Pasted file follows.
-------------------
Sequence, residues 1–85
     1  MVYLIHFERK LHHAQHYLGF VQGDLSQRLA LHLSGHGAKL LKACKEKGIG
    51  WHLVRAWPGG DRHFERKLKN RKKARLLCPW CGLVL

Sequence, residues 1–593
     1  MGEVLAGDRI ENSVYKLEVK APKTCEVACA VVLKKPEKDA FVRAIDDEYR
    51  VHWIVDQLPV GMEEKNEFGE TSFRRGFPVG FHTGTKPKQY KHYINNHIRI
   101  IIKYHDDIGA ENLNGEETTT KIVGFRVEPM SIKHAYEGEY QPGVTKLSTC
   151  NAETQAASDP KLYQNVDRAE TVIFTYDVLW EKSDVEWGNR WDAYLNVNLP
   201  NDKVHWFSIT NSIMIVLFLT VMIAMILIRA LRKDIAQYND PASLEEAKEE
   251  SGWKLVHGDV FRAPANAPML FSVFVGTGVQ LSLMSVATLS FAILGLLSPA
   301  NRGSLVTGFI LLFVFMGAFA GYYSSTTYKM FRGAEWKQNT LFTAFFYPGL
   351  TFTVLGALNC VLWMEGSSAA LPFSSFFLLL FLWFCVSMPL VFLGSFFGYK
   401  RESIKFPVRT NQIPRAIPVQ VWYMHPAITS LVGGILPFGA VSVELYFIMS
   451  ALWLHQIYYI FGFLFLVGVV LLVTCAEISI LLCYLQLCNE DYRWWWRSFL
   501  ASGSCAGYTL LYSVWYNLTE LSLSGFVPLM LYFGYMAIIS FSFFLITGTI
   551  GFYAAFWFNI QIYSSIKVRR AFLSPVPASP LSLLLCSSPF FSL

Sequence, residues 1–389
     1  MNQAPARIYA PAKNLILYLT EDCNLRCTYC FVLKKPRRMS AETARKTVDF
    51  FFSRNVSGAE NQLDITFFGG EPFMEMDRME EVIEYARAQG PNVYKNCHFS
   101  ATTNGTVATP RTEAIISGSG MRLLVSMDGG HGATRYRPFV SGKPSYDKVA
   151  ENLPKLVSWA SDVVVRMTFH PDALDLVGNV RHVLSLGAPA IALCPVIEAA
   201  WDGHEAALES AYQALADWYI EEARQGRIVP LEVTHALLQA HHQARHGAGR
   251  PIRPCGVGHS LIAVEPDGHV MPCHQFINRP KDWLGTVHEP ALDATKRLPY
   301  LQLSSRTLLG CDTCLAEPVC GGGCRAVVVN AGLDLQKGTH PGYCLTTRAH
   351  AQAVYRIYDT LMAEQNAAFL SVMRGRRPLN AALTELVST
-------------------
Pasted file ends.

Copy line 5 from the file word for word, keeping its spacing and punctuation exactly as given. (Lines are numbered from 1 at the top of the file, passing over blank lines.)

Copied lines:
     1  MGEVLAGDRI ENSVYKLEVK APKTCEVACA VVLKKPEKDA FVRAIDDEYR